Instacart's Game-Changing New Feature For Costco Shoppers

Demand for online delivery of groceries and other basic needs has skyrocketed during the COVID-19 pandemic. To give one example, business at the grocery-delivery service Instacart has increased by 400 percent compared to a year ago.

Instacart is about to get a little busier. The company has just gotten into the prescription-drug delivery business, in a partnership with Costco (via Supermarket News). The new service, available at Costco locations in seven states and the District of Columbia, couldn't come at a better time for Costco members who want to reduce their risk of illness by limiting the number of times they leave the house for errands. "The new offering allows Costco customers to complete their entire shopping trip online — from groceries and household goods to essential medications — and have it all delivered to their door," Instacart said in a statement announcing the news.

Instacart provides contact-free delivery from participating Costco pharmacies. Medications come in a tamper-proof bag, and customers must show identification upon delivery. The service will roll out to all Costco sites nationwide in the coming months, Instacart said. For now, you can enter your zip code on Instacart's site or app to see if your local Costco is included.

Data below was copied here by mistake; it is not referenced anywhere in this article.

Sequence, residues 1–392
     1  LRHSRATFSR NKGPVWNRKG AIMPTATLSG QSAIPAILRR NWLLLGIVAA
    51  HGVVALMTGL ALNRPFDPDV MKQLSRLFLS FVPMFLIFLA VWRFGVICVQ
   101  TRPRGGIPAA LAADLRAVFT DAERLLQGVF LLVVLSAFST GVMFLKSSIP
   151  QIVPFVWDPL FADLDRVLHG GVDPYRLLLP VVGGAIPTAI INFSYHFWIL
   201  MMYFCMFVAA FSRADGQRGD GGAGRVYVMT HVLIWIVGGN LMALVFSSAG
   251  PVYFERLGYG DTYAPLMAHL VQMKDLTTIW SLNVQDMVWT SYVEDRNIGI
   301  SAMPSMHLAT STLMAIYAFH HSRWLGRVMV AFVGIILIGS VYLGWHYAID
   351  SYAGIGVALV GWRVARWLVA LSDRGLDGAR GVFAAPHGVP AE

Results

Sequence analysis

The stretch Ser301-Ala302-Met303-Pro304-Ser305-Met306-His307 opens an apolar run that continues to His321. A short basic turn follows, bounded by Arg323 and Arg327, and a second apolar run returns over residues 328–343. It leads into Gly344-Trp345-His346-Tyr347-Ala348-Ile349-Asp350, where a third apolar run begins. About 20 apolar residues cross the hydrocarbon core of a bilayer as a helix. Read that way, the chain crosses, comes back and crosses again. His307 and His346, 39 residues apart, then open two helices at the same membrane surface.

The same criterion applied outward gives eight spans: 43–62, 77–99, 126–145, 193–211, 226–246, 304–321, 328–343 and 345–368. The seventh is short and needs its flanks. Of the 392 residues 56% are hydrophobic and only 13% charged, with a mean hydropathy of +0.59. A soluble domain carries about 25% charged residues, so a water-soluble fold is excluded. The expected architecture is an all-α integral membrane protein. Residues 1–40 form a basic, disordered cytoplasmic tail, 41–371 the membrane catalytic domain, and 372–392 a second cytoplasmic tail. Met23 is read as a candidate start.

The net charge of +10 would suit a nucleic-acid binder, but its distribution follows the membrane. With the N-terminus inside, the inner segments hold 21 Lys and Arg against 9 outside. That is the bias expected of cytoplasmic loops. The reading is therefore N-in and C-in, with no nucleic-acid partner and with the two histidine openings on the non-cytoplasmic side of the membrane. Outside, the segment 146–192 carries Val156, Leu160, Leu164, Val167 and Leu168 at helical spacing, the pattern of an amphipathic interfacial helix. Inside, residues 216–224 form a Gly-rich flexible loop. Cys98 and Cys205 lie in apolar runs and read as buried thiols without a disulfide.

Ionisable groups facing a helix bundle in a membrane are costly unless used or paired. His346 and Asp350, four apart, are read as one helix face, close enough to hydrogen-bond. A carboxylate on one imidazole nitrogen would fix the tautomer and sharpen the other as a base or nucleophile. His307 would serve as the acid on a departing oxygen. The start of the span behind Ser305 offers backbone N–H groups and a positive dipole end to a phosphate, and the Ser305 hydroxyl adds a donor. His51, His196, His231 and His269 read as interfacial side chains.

Costco, Instacart criticized for slow COVID-19 response

Instacart says it plans to hire a whole new army of shoppers — some 300,000 new recruits — who make the store runs and deliver the order to a customer's door (via International Business Times). As it began bringing these new shoppers on board, Instacart confronted a strike of its existing workforce, which demanded hazard pay, sick leave, and safety materials. Kits including thermometers, hand sanitizer, and masks are on the way, although some Instacart workers say they aren't coming fast enough (via Wired). Costco has also received criticism for its slow response to the COVID-19 outbreak in the U.S. Employees there told BuzzFeed News that they were put at unnecessary risk in the corporate office and at various warehouse sites.

To be fair, a lot of other high-profile companies have been criticized for their slow response to COVID-19, including Starbucks, Trader Joe's, and Amazon, according to the BuzzFeed article. The challenges faced by these and other businesses are unprecedented — or at least, they haven't been experienced since 1918, when an influenza pandemic infected about one-third of the world's population (via History).